# 21

Hello everybody…..I just finished writing the code for my project and hence have time (??) to write this post.Anyways,yesterday I watched ’21’ with my dad at ESquare(a multiplex near my house).

The aspect of the movie that probably attracted me  was MIT.I assumed that the story would be of J.P.Massar who headed the MIT Blackjack team based on the documentary shown on History Channel some time back.This team used card counting techniques to ‘bring down the house’.But as it turns out the movie is hardly all true (a nice one time watch though).Blackjack as it turns out is a gambling game but also beatable.In most gambling games roulette, dice, slot machines, the lottery the events are independent of each other i.e. events of the past do not determine the future.The probability of every outcome is same on every roll of the dice or spin of wheel.Hence in blackjack if you count correctly you can earn a fortune.Casinos and bookmakers make certain that the probabilities are always stacked slightly in their favor.To know more on the mathematics of blackjack go thorugh The Mathematics of Gambling.

A documentary aired on BBC “Making Millions the easy way” reports the activities of the MIT blackjack team.They comment on the future of card counting in the following way:

“In the early 1990s, however, a new breed of counters emerged. They had a greater level of resources, training and attention to detail than the casinos had ever encountered. Semyon Dukach, Katie Lilienkamp and Andy Bloch were all studying at MIT when they heard of card counting as a way to make extra money. MIT had a history of card counting. Indeed, Ed Thorp himself had developed the original system whilst at MIT, using one of the most powerful computers in the world at that time.

MIT counters played in teams, usually of three or more. Each individual was given a specific role. Some would simply watch tables, and wait for favourable situations to appear (the ‘spotters’). They would call in the expert strategist (the ‘controller’) who would fine-tune exactly when was the optimum moment to play, and how much to bet according to the cards being played. The controller would secretly signal to a ‘big player’ who would then join a table and place a massive bet at exactly the right moment.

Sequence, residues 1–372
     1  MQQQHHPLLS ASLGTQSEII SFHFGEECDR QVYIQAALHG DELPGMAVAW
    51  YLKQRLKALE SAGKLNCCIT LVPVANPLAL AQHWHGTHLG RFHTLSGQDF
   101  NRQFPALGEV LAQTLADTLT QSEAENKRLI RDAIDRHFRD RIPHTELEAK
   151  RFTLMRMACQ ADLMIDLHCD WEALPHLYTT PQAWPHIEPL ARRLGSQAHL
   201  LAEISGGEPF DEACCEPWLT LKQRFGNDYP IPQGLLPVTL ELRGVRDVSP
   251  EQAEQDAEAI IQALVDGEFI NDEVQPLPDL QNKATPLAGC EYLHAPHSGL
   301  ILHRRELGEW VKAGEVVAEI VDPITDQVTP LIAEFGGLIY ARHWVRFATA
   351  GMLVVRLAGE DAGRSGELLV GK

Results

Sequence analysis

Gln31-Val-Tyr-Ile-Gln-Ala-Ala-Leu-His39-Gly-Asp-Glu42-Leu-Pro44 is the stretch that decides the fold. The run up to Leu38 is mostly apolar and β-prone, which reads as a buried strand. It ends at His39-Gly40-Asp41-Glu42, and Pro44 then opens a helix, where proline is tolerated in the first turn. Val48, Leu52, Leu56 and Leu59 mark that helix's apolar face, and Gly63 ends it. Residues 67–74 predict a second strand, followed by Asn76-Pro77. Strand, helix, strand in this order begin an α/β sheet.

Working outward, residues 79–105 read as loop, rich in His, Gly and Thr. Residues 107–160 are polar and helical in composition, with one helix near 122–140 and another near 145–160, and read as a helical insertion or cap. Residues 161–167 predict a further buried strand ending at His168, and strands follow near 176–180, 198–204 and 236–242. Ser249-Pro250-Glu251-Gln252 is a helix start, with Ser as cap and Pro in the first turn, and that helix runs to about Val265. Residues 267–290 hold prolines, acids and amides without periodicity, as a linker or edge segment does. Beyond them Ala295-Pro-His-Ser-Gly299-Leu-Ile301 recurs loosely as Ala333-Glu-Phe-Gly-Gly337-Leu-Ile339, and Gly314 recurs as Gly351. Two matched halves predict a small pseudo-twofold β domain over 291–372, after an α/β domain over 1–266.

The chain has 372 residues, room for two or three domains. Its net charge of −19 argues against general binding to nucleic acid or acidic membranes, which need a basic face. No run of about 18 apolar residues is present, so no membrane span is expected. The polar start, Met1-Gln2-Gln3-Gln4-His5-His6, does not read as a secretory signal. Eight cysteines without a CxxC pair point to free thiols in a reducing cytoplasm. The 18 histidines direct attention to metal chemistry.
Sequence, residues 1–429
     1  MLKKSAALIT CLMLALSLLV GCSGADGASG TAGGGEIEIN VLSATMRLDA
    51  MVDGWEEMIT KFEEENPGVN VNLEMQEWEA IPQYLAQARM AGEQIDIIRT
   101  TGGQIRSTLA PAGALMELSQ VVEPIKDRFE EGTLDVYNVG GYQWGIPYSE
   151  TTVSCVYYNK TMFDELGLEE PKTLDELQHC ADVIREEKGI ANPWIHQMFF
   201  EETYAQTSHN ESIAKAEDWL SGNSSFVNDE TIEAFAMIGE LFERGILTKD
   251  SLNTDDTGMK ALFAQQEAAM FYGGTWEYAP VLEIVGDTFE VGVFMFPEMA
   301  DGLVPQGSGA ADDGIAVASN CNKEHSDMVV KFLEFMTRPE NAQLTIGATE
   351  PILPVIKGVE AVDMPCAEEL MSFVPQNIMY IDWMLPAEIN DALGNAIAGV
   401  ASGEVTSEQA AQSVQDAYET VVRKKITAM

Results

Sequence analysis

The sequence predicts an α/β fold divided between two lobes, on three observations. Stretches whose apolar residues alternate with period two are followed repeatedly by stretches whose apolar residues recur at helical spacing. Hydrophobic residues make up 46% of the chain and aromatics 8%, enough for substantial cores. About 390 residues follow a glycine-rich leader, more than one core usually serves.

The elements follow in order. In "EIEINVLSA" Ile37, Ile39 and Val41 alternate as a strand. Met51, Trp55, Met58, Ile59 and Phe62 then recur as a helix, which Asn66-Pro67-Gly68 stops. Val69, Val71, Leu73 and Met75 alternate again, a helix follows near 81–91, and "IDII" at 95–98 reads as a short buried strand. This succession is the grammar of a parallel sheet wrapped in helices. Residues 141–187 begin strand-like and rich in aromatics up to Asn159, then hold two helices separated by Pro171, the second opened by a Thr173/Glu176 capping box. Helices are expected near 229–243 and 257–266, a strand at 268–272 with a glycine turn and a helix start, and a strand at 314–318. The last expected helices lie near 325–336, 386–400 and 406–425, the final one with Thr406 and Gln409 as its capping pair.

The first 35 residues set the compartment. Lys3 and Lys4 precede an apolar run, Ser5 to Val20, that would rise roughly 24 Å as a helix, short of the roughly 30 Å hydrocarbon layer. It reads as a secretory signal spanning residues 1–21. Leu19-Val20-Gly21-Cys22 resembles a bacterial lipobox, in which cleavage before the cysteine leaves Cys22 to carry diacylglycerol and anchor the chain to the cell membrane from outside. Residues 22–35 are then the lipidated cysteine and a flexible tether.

The key was that by only betting when the odds were well in the big player’s favour, the big player could maximise potential profit, and also avoid being spotted as a counter. By watching a number of tables at any time, the team could select only those with the greatest promise of a good return. The big player simply looked like a rich, arrogant young gambler who got lucky on a single bet.

The MIT players went to great lengths to conceal both their own identities and their team play. They would work relentlessly to exploit any edge they could find – inexperienced dealers, poor shuffling or lax security. They also recorded exactly how much profit they managed to make from each situation, and honed their skills to be incredibly close to optimum play.

The trio played blackjack all over the world on and off throughout most of the 1990s, making money wherever they played. Their exploits only came to an end when Griffin Investigations, a private agency hired by casinos, identified the members of the MIT teams after months of surveillance. From that point on a team player even entering a casino would be swiftly ejected.

Card counting still occurs wherever blackjack is played, though as casino technology advances it becomes harder and harder to make anything but a small profit. Facial recognition technology, computerised blackjack tables and rule changes are slowly eating away at the small advantage possible through counting. But the lure of easy money makes it unlikely the casinos have seen the last of the counters. For 40 years they have found ways to make profit, and their ingenuity is bound to succeed again.”

So is Winner, winner, chicken(veg for all AOL guys) dinner! enough for you ….